This project provides insight into the awareness, perceptions and beliefs of young adults in these two countries comparing responses to a variety of questions. On average, Chinese students report a significantly greater awareness about CC/GW. In particular, U.S. students are much less convinced of the general agreement among qualified climate scientists that human induced CC/GW is happening. These results are interesting and could have meaningful implications for future national and international CC/GW policies.

Comparing Survey Results to Assess Political Differences in Relation to Climate Change/Global Warming Awareness, Perceptions and Beliefs of College Students in the United States

Student Authors: Dan Putman, Chris Brown, Drew Christensen, Elora Leene, Brittany Whited
Faculty Sponsor: Dr. Eric Jamelske, Department of Economics 

Climate Change (CC), a phenomenon entailing warming average global temperatures (global warming, GW) is an important, divisive national and international policy issue. Despite overwhelming scientific consensus and corresponding warnings, many people including policy makers still disagree about the reality of CC/GW and the degree to which human activities are responsible. 

We conducted surveys examining what US (n=826) and Chinese (n=776) college students think about this important topic. The subset of this data related to the U.S. students is particularly interesting when considering the relationship between political ideology and attitudes towards CC/GW. Within the U.S. sample there are significant differences in the political ideologies (on a scale ranging from conservative to liberal) as well as significant differences in the awareness, perceptions and beliefs of students in relation to CC/GW.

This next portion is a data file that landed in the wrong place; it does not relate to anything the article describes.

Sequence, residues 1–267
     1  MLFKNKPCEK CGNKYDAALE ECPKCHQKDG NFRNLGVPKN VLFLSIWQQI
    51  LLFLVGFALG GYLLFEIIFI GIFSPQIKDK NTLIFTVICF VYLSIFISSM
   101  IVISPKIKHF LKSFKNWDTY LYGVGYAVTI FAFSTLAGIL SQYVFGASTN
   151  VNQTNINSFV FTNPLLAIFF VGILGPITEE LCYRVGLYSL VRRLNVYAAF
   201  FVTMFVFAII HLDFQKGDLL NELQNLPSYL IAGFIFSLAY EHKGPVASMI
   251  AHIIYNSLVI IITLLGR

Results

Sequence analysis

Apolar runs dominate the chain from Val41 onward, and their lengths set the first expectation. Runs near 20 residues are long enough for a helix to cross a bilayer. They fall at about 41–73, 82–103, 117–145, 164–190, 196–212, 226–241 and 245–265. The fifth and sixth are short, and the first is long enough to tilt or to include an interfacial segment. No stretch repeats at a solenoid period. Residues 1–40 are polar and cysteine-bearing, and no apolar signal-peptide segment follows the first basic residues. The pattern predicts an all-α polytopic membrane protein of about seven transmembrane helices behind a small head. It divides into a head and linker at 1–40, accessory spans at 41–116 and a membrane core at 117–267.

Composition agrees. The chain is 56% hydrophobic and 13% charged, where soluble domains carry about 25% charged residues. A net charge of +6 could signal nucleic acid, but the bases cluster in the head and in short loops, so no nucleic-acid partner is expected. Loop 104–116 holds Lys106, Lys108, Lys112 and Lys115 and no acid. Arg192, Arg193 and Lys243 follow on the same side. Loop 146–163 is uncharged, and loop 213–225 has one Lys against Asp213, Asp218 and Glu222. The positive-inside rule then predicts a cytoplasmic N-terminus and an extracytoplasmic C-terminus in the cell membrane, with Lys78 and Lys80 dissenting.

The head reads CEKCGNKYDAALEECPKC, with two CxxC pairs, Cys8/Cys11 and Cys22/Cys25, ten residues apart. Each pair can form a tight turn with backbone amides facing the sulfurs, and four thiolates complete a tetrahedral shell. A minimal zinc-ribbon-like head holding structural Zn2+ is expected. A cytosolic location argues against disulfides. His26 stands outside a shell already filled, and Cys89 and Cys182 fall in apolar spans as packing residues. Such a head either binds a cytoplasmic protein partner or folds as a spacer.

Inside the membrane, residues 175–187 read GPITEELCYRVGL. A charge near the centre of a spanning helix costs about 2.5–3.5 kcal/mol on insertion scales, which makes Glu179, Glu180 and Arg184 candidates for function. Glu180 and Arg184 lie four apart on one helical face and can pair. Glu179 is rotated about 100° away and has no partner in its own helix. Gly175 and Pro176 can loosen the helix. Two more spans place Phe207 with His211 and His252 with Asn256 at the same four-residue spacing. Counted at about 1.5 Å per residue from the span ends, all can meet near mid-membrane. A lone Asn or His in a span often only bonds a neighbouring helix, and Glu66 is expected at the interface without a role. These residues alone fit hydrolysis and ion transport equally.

In this project we examine this relationship between the political ideologies of U.S. college students and their CC/GW attitudes. Through this, we are able to gain insights into the inability of the U.S. to come to a consensus regarding CC/GW, in particular due to the significant wedge between various segments of the political and CC/GW perceptual landscape. Further understanding of this wedge will elucidate current problems in developing CC/GW policy in both the international and intra-national realm. Understanding these problems will help pave the way towards more effective policies. 

The Impact of the USDA Fresh Fruit & Vegetable Program on Children’s Consumption and Other Related Behaviors

Student Authors: Lainee Hoffman, Judy Dickinson, Stephen Fisher, Stephanie Mabrey
Faculty Sponsor: Dr. Eric Jamelske, Department of Economics 

Most children in the U.S. consume less than recommended amounts of fruit and vegetables. Experts and advocates recognize the school environment as a fundamental setting for providing children access to nutritious food and opportunities to learn about the importance of healthy eating. 

The United States Department of Agriculture (USDA) initiated its Fresh Fruit and Vegetable Program (FFVP) in 2002 as part of a broad effort to address poor nutrition and rising obesity rates among children. The research literature examining the effectiveness of the FFVP is small and developing. Given the sizeable resources committed to funding the FFVP, more information is needed to understand the successes, limitations, and potential in meeting its stated goals. 

In this study, we investigate the impact of the 2009-10 FFVP on intake and other behaviors related to fruit and vegetable consumption among Wisconsin 4th and 5th grade students. Consumption of fruit and vegetables served through the FFVP was recorded by teachers over 95 days. Analyses of other behaviors related to fruit and vegetable consumption compared pretest and posttest data from an 8 item survey between program and control students. We find positive effects on both student intake and other behaviors related to eating fruit and vegetables.